discovered by Pavlov
pairing an unconditioned stimulus with a conditioned stimulus to eventually bring conditioned response
This is a stimulus that automatically triggers a response—you don't need to be trained to react. With Pavlov and his dog, the food was the unconditioned stimulus.
This is a response that is automatically triggered, and needs no training. With Pavlov, the dog salivating was the unconditioned response.
This is a stimulus that originally has nothing to do with a response. With Pavlov, the tuning fork is the neutral stimulus.
This is a stimulus that used to be neutral, and have nothing to do with a response. But, because it is paired with the UCS, now it gets a response. With Pavlov, this is the tuning fork. Note that the NS becomes the CS.
This is the learned response to a previously neutral stimulus. In Pavlov's experiments, this is the salivation when the dog hears the tuning fork. Usually, the UCR and the CR are very similar.
Things similar to the Conditioned Stimuli start producing conditioned responses from the animal
when pairing of natural and neutral stimuli have occurred enough that neutral stimulus alone will elicit the conditioned response
- Repeatedly presenting the CS in the absence of the UCS
- In classical conditioning, a previously-reinforced behavior is no longer reinforced, so the behavior gradually disappears.
where original response disappears, but then is elicited again by the previous CS at a later time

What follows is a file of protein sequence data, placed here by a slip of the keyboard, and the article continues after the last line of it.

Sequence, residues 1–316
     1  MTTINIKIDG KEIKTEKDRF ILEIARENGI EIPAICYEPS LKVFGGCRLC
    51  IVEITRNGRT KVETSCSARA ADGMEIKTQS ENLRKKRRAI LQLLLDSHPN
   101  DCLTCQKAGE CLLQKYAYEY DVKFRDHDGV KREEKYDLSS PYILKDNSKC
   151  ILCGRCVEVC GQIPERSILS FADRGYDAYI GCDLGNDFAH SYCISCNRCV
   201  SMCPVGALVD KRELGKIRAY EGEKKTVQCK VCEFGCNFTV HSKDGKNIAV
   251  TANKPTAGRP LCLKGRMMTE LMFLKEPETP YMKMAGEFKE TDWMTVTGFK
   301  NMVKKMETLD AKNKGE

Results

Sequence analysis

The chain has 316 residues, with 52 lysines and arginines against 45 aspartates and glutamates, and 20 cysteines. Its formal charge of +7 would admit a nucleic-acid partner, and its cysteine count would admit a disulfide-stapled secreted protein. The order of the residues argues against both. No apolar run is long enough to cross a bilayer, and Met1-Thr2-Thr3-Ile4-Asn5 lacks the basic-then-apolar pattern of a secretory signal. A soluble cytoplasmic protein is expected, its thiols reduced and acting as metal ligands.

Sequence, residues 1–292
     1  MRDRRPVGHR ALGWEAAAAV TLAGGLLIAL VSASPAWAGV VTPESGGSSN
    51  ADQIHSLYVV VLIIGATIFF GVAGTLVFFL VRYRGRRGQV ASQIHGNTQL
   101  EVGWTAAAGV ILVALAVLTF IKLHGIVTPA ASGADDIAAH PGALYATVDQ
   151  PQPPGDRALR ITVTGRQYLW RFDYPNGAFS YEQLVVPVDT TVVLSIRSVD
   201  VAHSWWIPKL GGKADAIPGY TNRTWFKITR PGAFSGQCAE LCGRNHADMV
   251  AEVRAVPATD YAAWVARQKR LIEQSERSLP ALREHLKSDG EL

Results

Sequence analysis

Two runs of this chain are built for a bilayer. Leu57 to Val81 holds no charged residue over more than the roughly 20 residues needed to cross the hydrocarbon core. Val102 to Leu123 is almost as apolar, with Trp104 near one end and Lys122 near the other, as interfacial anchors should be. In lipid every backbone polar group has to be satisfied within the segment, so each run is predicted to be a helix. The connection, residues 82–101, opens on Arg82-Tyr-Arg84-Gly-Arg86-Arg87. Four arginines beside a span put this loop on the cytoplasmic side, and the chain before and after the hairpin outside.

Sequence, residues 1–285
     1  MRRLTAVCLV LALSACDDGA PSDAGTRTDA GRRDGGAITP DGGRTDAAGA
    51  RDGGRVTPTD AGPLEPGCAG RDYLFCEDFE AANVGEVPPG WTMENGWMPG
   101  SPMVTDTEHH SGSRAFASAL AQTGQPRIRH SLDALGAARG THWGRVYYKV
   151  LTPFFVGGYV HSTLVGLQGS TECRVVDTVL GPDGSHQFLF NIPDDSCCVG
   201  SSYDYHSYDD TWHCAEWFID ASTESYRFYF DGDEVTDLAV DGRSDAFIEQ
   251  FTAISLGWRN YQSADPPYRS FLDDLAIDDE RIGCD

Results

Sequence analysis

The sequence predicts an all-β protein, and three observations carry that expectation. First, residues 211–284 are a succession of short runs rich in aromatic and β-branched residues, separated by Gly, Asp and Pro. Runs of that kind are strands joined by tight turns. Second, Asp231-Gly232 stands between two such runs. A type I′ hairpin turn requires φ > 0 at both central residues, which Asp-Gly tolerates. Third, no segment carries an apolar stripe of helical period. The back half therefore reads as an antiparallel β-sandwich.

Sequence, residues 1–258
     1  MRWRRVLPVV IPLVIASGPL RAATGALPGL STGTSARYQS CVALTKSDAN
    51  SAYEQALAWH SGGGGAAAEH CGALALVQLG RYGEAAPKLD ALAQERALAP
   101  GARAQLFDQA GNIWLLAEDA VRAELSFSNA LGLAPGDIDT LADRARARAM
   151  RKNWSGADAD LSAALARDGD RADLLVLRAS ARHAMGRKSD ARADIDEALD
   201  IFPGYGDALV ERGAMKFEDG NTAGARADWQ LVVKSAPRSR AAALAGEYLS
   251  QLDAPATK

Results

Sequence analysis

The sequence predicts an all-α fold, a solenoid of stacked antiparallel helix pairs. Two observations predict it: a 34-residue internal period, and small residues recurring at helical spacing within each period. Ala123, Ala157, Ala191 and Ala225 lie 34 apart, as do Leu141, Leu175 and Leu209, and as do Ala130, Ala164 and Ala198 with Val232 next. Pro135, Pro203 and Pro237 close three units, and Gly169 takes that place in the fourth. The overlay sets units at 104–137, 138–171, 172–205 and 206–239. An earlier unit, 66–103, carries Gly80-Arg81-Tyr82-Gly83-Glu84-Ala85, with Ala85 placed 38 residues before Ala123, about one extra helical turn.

Pairing a CS with a secondary CS, response might not be as strong, higher order conditioning are rarely effective
Conditioned taste aversion CTA
AKA Garcia effect, when animals eat a food resulting in nausea, they will never eat it again (even if it wasn't the food's fault)
demonstrated by CTA, don't want to eat similar food to one who made you vomit before
C Conditioning works because the US and CS were paired in time (thought by Watson and Pavlov)
Robert Rescoral believes CS and US get paired because CS comes to predict the US
The process of learning the association between a voluntary behavior and its consequences (BF Skinner) (first discovered by Edward Thorndike)
Procedure in which reinforcers gradually guide an animal's action toward a desired behavior.
AKA Differential reinforcement of successive approximations
reward or event that increases the likelihood that a response will be repeated
seeks to decrease the frequency of behavior by withholding the reward until the desired behavior is demonstrated (ground)
every time they perform, they get a reward
Fastest results, but fastest extinction
variable ratio schedule
The number of responses required for reinforcement changes (slot machine in Vegas) (least likely to get extinct)
when consistent effort fails to bring rewards, subject will stop trying (depression is effect)
proposed human learning takes place by neurons forming new connections with one another or by strengthening of connections that already exist
Receiving neurons of long-term memories require fewer neurotransmitter molecules to make them fire
emphasizes mental process in learning (like cognitive learning) but also emphasizes environmental factors and behavioral factors